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The sociology of tobacco, or The tobacco of sociology

From Aaron Swartz, a link stating that famous sociologist Peter L. Berger was a big-time consultant for the Tobacco Insitute:

Peter L. Berger is an academic social philosopher and sociologist who served as a consultant to the tobacco industry starting with the industry’s original 1979 Social Costs/Social Values Project (SC/SV). According to a 1980 International Committee on Smoking Issues/Social Acceptability Working Party (International Committee on Smoking Issues/SAWP) progress report, Berger’s primary assignment was “to demonstrate clearly that anti-smoking activists have a special agenda which serves their own purposes, but not necessarily the majority of nonsmokers.”

Berger assisted the industry by developing non-health based arguments in defense of tobacco. He specifically developed the arguments that the anti-smoking movement is a class struggle of the richer, more educated groups against the poorer and less-educated groups, that public health advocates are elitists who are driven by quasi-religious, messianic urges and seek to punish non-believers (smokers) through the application of taxes and fines.

Berger contributed a chapter to Robert Tollison’s industry-commissioned book, Smoking and Society, in which he (Berger) did disclose his affiliation with the industry. In his chapter, titled “A Sociological View of the Antismoking Phenomenon,” Berger described the anti-smoking movement as a “health cult” in which doctors were the “priests” and hospitals the “sanctuaries.” . . .

A description of his professional accomplishments (listed under the staff description section of Boston University’s web site) lists the institutions where Berger has taught, the books he has written and the awards he has received, but contains no mention Berger’s past affiliations with the tobacco industry, nor any of the work he has done on their behalf.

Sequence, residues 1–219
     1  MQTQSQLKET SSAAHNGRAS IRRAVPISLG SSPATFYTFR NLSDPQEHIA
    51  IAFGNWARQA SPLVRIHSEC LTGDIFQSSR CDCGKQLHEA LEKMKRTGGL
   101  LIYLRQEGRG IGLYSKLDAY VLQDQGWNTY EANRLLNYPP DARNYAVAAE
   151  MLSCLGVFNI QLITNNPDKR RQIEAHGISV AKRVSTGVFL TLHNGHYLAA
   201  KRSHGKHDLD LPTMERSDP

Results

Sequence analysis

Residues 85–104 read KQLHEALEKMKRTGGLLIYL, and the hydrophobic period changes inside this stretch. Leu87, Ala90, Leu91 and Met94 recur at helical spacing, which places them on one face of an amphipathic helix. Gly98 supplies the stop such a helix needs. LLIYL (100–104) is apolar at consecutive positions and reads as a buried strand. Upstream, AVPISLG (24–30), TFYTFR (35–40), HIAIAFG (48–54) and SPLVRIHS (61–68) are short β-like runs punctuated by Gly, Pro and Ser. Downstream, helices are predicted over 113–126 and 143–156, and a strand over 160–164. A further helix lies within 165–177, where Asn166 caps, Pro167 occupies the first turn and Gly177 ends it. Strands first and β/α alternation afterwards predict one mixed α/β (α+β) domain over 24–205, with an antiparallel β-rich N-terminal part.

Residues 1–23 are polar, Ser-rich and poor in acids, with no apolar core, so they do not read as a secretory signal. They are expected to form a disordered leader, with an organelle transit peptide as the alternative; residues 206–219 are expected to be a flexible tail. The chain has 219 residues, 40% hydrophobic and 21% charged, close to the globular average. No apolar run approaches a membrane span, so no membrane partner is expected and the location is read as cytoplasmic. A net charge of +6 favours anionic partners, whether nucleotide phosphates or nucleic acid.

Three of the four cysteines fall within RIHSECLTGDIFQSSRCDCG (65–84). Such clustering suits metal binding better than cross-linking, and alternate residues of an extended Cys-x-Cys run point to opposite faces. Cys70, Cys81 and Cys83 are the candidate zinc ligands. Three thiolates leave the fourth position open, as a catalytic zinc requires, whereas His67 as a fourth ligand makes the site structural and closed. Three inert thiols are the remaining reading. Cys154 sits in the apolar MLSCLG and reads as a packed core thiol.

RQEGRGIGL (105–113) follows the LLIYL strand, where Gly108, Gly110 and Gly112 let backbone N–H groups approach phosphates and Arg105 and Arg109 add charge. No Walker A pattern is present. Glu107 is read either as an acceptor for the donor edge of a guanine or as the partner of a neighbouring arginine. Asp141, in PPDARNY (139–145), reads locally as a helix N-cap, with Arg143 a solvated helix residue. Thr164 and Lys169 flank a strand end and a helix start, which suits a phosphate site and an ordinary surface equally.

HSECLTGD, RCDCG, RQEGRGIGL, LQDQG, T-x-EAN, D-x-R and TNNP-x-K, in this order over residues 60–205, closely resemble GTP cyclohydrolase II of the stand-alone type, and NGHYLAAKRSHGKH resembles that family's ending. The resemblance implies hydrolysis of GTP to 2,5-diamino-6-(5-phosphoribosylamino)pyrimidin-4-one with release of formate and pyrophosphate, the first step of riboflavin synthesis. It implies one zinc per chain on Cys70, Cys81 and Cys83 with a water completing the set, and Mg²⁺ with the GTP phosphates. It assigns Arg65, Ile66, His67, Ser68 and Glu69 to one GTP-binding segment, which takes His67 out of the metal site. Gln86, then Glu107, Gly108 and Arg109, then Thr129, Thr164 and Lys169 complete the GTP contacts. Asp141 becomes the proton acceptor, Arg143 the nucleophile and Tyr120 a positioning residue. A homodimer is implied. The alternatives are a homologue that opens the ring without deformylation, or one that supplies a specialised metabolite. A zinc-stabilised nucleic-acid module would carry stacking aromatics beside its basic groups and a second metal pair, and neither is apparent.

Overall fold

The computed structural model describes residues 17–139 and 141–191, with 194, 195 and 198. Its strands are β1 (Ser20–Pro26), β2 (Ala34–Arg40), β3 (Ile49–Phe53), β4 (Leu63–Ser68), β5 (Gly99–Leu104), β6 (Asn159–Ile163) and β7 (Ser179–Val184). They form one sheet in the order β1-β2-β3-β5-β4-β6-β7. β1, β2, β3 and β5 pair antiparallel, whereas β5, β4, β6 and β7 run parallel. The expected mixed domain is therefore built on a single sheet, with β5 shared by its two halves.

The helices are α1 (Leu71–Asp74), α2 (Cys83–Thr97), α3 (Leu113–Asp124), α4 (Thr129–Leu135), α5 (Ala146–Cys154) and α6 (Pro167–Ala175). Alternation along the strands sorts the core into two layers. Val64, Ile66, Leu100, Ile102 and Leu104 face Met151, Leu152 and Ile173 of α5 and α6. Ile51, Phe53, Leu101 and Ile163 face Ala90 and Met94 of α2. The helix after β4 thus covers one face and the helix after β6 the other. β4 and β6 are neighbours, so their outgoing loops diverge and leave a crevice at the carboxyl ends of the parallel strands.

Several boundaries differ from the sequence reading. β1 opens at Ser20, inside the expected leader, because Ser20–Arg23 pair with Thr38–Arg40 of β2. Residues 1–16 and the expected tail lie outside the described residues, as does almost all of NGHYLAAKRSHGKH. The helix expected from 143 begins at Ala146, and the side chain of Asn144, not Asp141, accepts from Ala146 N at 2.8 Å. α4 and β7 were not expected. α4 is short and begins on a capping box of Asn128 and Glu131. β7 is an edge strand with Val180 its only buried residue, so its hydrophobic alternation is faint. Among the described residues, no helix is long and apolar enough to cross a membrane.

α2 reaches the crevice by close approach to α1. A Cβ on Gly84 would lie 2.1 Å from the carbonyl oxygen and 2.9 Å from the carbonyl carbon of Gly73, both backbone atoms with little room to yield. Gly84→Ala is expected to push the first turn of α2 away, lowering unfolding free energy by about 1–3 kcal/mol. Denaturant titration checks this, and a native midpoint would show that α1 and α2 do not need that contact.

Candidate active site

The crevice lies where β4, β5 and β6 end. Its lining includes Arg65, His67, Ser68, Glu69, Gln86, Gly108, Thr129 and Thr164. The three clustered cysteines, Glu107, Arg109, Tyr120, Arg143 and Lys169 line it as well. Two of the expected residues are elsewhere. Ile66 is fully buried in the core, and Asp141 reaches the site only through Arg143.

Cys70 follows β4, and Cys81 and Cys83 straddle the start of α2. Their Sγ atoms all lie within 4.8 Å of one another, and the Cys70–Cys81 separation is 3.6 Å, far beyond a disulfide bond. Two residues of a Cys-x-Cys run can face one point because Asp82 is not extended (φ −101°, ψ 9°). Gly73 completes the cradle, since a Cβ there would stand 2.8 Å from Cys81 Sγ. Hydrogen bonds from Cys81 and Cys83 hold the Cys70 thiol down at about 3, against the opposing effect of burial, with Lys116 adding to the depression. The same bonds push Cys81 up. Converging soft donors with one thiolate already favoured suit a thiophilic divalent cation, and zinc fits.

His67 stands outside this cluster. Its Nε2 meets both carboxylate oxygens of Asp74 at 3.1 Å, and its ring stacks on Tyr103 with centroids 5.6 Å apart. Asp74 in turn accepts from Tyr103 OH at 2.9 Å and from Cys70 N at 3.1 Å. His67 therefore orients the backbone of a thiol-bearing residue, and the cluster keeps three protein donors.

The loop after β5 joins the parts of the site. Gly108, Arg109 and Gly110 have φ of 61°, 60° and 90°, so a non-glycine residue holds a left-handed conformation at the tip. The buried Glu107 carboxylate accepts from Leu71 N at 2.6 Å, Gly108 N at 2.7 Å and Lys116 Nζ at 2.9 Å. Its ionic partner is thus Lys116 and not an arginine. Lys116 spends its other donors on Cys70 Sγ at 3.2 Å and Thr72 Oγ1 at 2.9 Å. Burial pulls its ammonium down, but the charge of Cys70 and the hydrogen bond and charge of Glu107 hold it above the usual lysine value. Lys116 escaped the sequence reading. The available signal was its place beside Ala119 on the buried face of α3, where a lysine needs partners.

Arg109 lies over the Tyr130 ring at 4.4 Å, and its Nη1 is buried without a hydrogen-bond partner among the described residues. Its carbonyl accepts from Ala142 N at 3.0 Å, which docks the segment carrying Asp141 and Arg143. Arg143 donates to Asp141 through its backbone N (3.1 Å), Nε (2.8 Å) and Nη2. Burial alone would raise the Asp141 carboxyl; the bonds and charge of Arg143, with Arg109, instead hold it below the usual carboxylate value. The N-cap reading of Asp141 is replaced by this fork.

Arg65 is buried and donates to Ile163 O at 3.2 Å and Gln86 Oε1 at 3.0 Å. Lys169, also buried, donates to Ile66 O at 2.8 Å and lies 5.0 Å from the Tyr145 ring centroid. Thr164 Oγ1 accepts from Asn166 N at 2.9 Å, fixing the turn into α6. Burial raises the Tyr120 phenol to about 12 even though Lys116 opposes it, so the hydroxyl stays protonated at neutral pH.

I’m certainly in no position to criticize someone for working for the tobacco industry. Still, it’s interesting. The only thing I’ve read by Berger is his book that begins with the line about there being no jokes about sociologists. I certainly wouldn’t have guessed from that book that he worked for the Tobacco Institute. Thank you for smoking, indeed.


  1. TGGP says:

    Have you read Honestly, Who Else Would Fund Such Research? by Michael Marlow?

    Would a sociologist be expected to list those sorts of things in a description of their professional accomplishments? Did he mention any NAS grants? Or are some funders so special different standard apply?

  2. Andrew Gelman says:

    Very interesting; thanks for the link to the Marlow article. Different people list different things on their webpages. My CV lists the grants on which I'm the principal investigator but excludes many projects in which I'm not the lead researcher. I do list some of my consulting projects, but I can't say I remembered to include all of them. I don't think it's particularly damning that Berger's university website doesn't mention his tobacco consulting. I went to his webpage and it had a long list of funders, but only for 2007-2008, and presumably the tobacco funding was no longer active by that point.

    Beyond this, you can click through the last link in the above blog entry to see my discussion (from a few years ago) of some of the ethical issues of tobacco consulting a few years ago, in the context of Don Rubin's article, "The ethics of consulting for the tobacco industry."

  3. Andrew Gelman says:

    P.S. Regarding your second point (in which you linked to a blog by Robin Hanson questioning why some groups of anthropologists oppose U.S. military funding): I actually have military funding right now, so this reveals where I stand on the issue personally. But I can see where the anthropologists are coming from, as a general principle. It's all about where you draw the line. For example, I don't know that I'd trust political science research funded by Muammar el-Qaddafi. It's not unreasonable to think that funders are trying to get something for their money, and if you don't trust the funders, I can see why you wouldn't want them around.

  4. Bob says:

    A well funded "war on smokers" is underway. Here's where it started:

    And what the 99 million dollars was going to. Note on page seven the "inside -out", provision going for patios later, AFTER business owners spend thousands of dollars to build them to accommodate their smoking customers, clearly showing that the tobacco control activists have ABSOLUTLY NO CONCERN about local issues or businesses. You may need to CTRL and scoll to enlarge it.